Atheist Manifesto argues that what the three monotheisms share in common is a profound hatred of humanity—of intelligence, of life, of the present, of sexuality—and that the repression, torture, executions, and genocide these religions have so relentlessly perpetrated throughout history are not incidental but internal to them, lavishly supported by their sacred texts. But more importantly, Atheist Manifesto aims to promote an “atheistic atheism,” a vision of the world wholly free of the influence of religion. This raises an essential question: can we really imagine, and live in, a world without religion?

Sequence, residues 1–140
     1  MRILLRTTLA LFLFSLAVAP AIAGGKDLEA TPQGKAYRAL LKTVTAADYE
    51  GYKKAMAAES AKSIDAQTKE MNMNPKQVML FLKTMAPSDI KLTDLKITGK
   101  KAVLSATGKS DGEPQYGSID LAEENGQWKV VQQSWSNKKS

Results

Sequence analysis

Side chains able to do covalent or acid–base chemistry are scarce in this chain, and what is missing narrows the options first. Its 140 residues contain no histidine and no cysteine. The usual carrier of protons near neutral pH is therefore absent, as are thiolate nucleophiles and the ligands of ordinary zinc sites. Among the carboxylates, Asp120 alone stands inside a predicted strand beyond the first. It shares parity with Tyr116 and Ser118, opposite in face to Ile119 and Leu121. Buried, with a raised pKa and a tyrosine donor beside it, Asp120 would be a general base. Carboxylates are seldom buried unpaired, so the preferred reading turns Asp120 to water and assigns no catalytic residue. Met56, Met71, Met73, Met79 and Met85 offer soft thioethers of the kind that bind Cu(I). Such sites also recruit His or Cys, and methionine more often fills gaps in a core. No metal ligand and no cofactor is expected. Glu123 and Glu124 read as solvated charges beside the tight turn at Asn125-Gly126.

The End of Faith, Letter to a Christian Nation, The God Delusion, and Atheist Manifesto are all strident in their insistence on making atheism a dominant world view, beginning with properly educating children on the death of God. “We desperately need a public discourse that encourages critical thinking and intellectual honesty,” Harris writes. “Noth-ing stands in the way of this project more than the respect we accord religious faith.” “The knowledge that we have only one life should make it all the more precious,” Dawkins claims. “The atheist view is correspondingly life-affirming and life-enhancing.” Onfray: “The laughers, materialists, radicals, cynics, hedonists, atheists, sensualists, voluptuaries. They know that there is only one world, and that promotion of an afterlife deprives us of the enjoyment of the only one there is.”